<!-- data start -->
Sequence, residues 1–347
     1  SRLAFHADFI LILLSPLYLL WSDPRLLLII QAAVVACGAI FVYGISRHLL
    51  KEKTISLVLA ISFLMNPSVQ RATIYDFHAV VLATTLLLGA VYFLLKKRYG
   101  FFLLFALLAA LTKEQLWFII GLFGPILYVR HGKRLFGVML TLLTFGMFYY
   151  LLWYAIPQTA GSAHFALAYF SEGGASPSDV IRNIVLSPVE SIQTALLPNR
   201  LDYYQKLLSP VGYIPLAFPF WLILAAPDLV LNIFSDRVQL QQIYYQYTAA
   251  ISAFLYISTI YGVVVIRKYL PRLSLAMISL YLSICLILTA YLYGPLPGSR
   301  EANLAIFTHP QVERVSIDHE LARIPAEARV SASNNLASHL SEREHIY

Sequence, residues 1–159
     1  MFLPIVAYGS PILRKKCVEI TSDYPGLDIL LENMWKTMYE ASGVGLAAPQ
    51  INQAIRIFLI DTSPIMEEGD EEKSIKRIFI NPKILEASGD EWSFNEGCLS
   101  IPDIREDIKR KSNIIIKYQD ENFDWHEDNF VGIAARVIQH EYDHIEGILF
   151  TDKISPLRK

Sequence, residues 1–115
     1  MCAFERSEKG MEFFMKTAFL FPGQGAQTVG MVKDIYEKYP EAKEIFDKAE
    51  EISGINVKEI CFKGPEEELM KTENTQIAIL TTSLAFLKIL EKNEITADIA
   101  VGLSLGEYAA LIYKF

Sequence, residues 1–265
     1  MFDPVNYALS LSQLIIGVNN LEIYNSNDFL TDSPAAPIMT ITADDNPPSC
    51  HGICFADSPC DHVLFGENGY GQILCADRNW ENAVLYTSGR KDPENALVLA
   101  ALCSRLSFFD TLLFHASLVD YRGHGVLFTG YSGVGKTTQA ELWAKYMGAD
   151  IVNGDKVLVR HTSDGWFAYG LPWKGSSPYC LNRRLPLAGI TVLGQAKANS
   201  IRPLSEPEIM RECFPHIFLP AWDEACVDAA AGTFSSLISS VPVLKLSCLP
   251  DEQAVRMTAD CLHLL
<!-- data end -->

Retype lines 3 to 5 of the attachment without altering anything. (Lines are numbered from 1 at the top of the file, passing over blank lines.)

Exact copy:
    51  KEKTISLVLA ISFLMNPSVQ RATIYDFHAV VLATTLLLGA VYFLLKKRYG
   101  FFLLFALLAA LTKEQLWFII GLFGPILYVR HGKRLFGVML TLLTFGMFYY
   151  LLWYAIPQTA GSAHFALAYF SEGGASPSDV IRNIVLSPVE SIQTALLPNR